Sex and Gender Differences in Perceived and Actual Leadership Performance: Self- and Subordinate Views

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Description:

The purpose of this study was to examine how male and female leaders view their own effectiveness as compared to their objective performance. This study also examined sex and gender differences in subordinate's views of male and female leaders. Forty-two mixed-sex groups led by appointed male and female leaders were observed to assess objective and perceived leader effectiveness. Gender role of participants was assessed using the Bem Sex Role Inventory (BSRI). No sex or gender differences were found in objective leadership effectiveness. An unexpected finding was that male and female leaders perceived themselves accurately as leaders. Significant differences were found in the way male subordinates rated men and women leaders when taking into account gender role. Results indicated that the study of gender bias in leadership is complex and should be examined in conjunction with gender role. Social role theory helps to explain this bias.

Creator(s): Rivero, Arlene Jean
Creation Date: May 2003
Partner(s):
UNT Libraries
Collection(s):
UNT Theses and Dissertations
Usage:
Total Uses: 321
Past 30 days: 9
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Publisher Info:
Publisher Name: University of North Texas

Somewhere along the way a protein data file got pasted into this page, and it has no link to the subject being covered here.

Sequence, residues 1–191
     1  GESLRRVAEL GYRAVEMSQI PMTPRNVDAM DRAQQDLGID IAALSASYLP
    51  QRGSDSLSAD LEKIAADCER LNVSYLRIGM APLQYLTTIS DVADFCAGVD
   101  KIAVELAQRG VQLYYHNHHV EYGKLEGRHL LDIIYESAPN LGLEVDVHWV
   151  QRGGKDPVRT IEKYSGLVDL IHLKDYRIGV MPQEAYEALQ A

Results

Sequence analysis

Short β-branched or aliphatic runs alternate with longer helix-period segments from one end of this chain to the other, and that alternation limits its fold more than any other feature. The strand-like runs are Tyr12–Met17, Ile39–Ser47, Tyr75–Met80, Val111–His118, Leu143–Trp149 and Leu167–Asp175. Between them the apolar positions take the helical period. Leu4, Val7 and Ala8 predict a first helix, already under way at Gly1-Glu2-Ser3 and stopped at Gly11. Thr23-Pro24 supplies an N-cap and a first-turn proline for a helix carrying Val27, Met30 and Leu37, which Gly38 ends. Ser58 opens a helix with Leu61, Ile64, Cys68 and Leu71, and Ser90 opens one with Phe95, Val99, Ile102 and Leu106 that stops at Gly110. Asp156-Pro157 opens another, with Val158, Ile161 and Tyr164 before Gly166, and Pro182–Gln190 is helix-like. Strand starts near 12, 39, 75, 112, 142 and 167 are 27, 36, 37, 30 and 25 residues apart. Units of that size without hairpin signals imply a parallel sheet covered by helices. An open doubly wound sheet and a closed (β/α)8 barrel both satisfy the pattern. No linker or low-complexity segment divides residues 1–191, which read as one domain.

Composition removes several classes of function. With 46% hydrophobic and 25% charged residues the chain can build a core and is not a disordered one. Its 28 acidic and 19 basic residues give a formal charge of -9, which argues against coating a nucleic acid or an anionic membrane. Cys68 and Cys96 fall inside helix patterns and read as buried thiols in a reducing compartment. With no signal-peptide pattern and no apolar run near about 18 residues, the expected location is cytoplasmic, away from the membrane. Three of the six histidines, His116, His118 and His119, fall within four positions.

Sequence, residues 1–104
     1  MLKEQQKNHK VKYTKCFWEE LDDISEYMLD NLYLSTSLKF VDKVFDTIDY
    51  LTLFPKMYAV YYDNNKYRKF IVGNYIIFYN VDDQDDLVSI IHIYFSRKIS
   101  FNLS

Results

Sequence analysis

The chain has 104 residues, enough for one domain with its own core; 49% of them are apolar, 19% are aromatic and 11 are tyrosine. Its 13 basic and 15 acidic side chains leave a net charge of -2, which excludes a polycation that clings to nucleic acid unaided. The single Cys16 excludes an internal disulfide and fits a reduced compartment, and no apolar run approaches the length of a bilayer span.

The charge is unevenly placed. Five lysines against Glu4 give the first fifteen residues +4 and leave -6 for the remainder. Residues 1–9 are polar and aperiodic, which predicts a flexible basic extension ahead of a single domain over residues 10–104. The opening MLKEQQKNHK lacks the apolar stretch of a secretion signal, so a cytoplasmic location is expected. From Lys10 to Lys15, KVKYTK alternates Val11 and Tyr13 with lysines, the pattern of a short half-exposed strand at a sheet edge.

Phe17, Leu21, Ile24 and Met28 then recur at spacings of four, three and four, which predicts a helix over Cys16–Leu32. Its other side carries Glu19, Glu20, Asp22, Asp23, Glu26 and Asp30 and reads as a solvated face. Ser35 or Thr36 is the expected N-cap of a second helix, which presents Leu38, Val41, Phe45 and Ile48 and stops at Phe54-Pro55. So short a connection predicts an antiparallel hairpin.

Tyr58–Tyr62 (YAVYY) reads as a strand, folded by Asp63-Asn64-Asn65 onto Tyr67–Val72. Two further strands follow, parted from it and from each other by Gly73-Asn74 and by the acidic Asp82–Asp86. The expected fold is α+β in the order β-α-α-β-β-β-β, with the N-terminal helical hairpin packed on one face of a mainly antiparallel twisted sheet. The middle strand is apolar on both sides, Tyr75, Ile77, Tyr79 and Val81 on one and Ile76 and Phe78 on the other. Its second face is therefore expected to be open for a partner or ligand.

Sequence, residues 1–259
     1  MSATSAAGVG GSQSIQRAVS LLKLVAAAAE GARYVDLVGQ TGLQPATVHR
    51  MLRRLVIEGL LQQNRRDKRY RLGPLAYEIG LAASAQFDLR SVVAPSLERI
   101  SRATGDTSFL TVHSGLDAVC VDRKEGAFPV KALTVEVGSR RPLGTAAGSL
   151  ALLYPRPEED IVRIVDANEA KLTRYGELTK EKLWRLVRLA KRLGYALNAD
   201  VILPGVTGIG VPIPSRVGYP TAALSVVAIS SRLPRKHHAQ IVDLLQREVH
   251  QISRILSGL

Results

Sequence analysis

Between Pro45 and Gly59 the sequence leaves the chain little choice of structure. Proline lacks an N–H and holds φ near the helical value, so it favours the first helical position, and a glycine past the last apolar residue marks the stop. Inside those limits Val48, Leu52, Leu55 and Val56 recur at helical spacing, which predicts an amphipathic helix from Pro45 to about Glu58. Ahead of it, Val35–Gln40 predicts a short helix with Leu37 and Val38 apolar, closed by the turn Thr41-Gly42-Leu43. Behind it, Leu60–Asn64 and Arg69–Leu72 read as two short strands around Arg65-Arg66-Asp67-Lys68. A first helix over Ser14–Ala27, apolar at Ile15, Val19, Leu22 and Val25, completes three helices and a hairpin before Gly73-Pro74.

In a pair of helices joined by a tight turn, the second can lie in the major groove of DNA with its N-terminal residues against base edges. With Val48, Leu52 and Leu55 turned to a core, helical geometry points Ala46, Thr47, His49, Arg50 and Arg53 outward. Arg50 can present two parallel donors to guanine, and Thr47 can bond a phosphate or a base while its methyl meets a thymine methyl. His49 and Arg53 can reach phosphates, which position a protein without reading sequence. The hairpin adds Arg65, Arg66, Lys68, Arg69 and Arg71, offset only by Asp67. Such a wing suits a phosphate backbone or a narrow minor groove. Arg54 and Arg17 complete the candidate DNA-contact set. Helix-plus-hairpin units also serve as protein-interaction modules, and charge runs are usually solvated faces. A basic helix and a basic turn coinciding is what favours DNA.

Place of Publication: Denton, Texas
Date(s):
  • Creation: May 2003
  • Digitized: September 30, 2003
Description:

The purpose of this study was to examine how male and female leaders view their own effectiveness as compared to their objective performance. This study also examined sex and gender differences in subordinate's views of male and female leaders. Forty-two mixed-sex groups led by appointed male and female leaders were observed to assess objective and perceived leader effectiveness. Gender role of participants was assessed using the Bem Sex Role Inventory (BSRI). No sex or gender differences were found in objective leadership effectiveness. An unexpected finding was that male and female leaders perceived themselves accurately as leaders. Significant differences were found in the way male subordinates rated men and women leaders when taking into account gender role. Results indicated that the study of gender bias in leadership is complex and should be examined in conjunction with gender role. Social role theory helps to explain this bias.

Degree:
Level: Master's
Discipline: Psychology
Language(s):
Subject(s):
Keyword(s): Gender differences | leadership | leader effectiveness
Contributor(s):
Partner:
UNT Libraries
Collection:
UNT Theses and Dissertations
Identifier:
  • OCLC: 53137607 |
  • ARK: ark:/67531/metadc4147
Resource Type: Thesis or Dissertation
Format: Text
Rights:
Access: Use restricted to UNT Community
License: Copyright
Holder: Rivero, Arlene Jean
Statement: Copyright is held by the author, unless otherwise noted. All rights reserved.